The Shadow

Former World War One Flying Ace turned vigilante, exceptional driving, flying and shooting skills – also possesses some measure of quasi-mystical stealth and possibly the ability to see the darkness in men’s hearts. Depends on which version exactly you’re consulting. He’s going to have some kind of innate magic, for sure, I haven’t decided how powerful exactly to make him.


Burroughs describes the Apeman as an intelligent, handsome giant. The easiest to make, I think, enormous, physically perfect and quick witted, but with the disadvantage of not knowing much about stuff in general. Good at climbing, and of course, can talk to some jungle animals.

Pulp Call of Cthulhu

The Rest

I’m still thinking about any additional characters, as I’ve said, basically any fictional character “active” in the thirties is fair game. (Perhaps I’ll include Derleth’s Solar Pons as Sherlock Holmes is out, or perhaps someone can play both Archie Goodwin and Nero Wolfe). The big challenge is definitely going to be FEMALE characters. There is at least one player in my group who seems to favor them. I’d like to include a strong female character.

My knowledge of the genre is practical but limited… help me out! Leave a comment and some suggestions.

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Trail of Cthulhu Preparedness Explained

Trail of Cthulhu Preparedness

Do the investigators need a car to pick you up in a desolate spot in the woods? A player can make this happen by a) supplying a credible retroactive explanation of how she arranged it, and b) scoring a Preparedness success.

A point of some contention in the Trail of Cthulhu games I’ve run is the preparedness skill.

I have to admit, after reading this explanation by Robin D Laws, GUMSHOE system creator, I may have been being a bit to harsh. It does seem to be “Summon Retroactive Deus Ex Machina,” at least to some degree.

This is one of the issues that I personally have when running a game of Trail of Cthulhu. The system is closer to collaborative storytelling than I can really pull off given my personality and my preference for adversarial games. I don’t consider that reflecting badly on the system itself, more on my own inability to stop antagonizing my players with deathtraps and sanity blasting monsters.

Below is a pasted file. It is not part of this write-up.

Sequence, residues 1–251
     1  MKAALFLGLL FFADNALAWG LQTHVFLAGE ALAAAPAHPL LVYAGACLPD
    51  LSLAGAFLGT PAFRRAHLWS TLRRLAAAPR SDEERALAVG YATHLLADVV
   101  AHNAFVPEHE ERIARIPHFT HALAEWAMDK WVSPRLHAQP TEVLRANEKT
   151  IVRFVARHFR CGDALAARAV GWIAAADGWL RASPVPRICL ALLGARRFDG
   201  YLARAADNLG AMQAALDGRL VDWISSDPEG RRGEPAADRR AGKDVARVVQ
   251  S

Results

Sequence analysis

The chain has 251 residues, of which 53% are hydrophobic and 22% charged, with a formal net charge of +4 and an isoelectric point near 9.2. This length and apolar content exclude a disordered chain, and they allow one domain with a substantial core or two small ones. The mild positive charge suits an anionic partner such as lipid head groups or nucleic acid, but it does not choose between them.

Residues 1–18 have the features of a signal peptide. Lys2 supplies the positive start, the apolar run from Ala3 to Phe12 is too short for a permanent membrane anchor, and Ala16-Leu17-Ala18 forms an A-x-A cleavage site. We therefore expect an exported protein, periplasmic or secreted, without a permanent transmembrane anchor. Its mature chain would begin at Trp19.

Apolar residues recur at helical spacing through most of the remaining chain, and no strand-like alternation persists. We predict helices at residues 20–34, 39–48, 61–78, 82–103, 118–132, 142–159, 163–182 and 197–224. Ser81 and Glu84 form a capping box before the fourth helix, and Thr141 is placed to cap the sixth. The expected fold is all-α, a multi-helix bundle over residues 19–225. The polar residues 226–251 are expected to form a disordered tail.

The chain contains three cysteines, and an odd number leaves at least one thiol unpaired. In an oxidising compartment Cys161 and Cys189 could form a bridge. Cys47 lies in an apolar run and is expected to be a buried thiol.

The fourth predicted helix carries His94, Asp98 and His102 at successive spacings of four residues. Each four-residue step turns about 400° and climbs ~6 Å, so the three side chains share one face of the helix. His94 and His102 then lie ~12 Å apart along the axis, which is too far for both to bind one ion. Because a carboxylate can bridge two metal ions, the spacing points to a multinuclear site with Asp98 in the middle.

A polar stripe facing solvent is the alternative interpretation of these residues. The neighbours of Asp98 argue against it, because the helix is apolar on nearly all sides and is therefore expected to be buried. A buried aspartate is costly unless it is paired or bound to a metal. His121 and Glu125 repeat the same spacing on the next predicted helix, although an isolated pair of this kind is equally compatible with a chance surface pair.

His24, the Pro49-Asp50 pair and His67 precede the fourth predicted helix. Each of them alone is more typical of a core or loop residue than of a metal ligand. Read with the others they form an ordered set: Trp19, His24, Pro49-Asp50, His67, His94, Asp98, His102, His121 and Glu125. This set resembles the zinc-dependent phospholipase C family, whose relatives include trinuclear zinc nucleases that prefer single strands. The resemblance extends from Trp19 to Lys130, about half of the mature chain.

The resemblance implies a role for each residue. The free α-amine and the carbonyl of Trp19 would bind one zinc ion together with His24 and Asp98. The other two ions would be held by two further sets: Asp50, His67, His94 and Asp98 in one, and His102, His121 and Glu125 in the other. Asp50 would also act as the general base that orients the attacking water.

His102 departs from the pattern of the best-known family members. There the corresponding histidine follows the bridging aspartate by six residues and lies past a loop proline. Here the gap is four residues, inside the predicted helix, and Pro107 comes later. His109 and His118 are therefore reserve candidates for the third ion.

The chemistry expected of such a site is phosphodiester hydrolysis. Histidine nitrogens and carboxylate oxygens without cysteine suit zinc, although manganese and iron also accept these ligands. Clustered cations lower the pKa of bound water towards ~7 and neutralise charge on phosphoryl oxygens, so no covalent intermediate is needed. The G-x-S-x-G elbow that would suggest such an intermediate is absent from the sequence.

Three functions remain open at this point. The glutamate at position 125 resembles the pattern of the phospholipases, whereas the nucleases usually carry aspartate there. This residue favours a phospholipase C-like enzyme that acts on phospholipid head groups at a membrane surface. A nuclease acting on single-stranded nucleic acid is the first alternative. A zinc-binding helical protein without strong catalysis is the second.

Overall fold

Robin D Laws explains Trail of Cthulhu preparedness.

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REVIEW: Gateway: the Book of Wizards

Gateway Book of Wizards

Gateway: the Book of Wizards is one of the first Kickstarters I ever backed, and I finally received a week or two ago.

It contains nearly 100 illustrations that take you on a tour of an elaborate fantasy world, an urban-magical setting named Gateway. Gateway is a city populated by an authoritarian anti-magic government and ironically, wizards of every stripe, shape, and color.

The book reads much like Dinotopia, a series I treasured as a child, or even something like Brian Froud‘s work or the 1970’s classic Gnomes, in that it creates a portrait of a world, in a book, without really being a story of it’s own. In that sense, it lies somewhere between art book and fantasy novel.

gateway book of wizards

I found the book delightful. The art, which of course is the primary focus, sings, each wizard character having a distinct and delightful personality of their own. And the short chapters that accompanied each one were often just as strange and interesting. Case in point, when one is speaking about a magical barn that can read the future, the short text piece is actually a bit more interesting than the picture. Also, giant fish, people that become plants, people that become birds, paleomancy, vapormancy, ornithomancy, and maschramancy.

If you’re not sold, I don’t know exactly what you are looking for from me.

You can purchase the book at author Sean Andrew Murray’s Etsy store.

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Davros returns on the new season of Doctor Who


I mean, that’s who it seems like to me. I’m a fourth doctor guy myself, I find all the new stuff very hit or miss, especially the most reasons seasons, but when it’s good, it’d good, you know.

Excited for Capaldi, mainly because his age will add a very different dynamic, hopefully feel a bit like the older series did. The teaser for the new series is below.

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A Partial List of Spells in Dungeons and Dragons 5th Edition

I’ll be honest – I’ve mostly avoided Dungeons and Dragons 5th, even though I like a lot of the stuff I’ve read about it. Basically, that they are crowdsourcing it and also trying to solve a lot of the problems with 4th edition, which, uh, had some problems. Although a computer based character creator was a nice touch. The thing is, with any Dungeons and Dragons type business, there generally just isn’t enough Cthulhus*, which at the end of the day is what we’re all here for, isn’t it?

Without further ado, the list of Spells

Partial List of Dungeon's and Dragons Spells

The cleric spells look more interesting to me than the wizard spells, which is a darn crime. Pretty much the standard fare.

I found this on Facebook, on EN World’s Facebook page. FYI, Cthulhu Dice is also on Facebook.

*Don’t even start with the Mind Flayers, guy.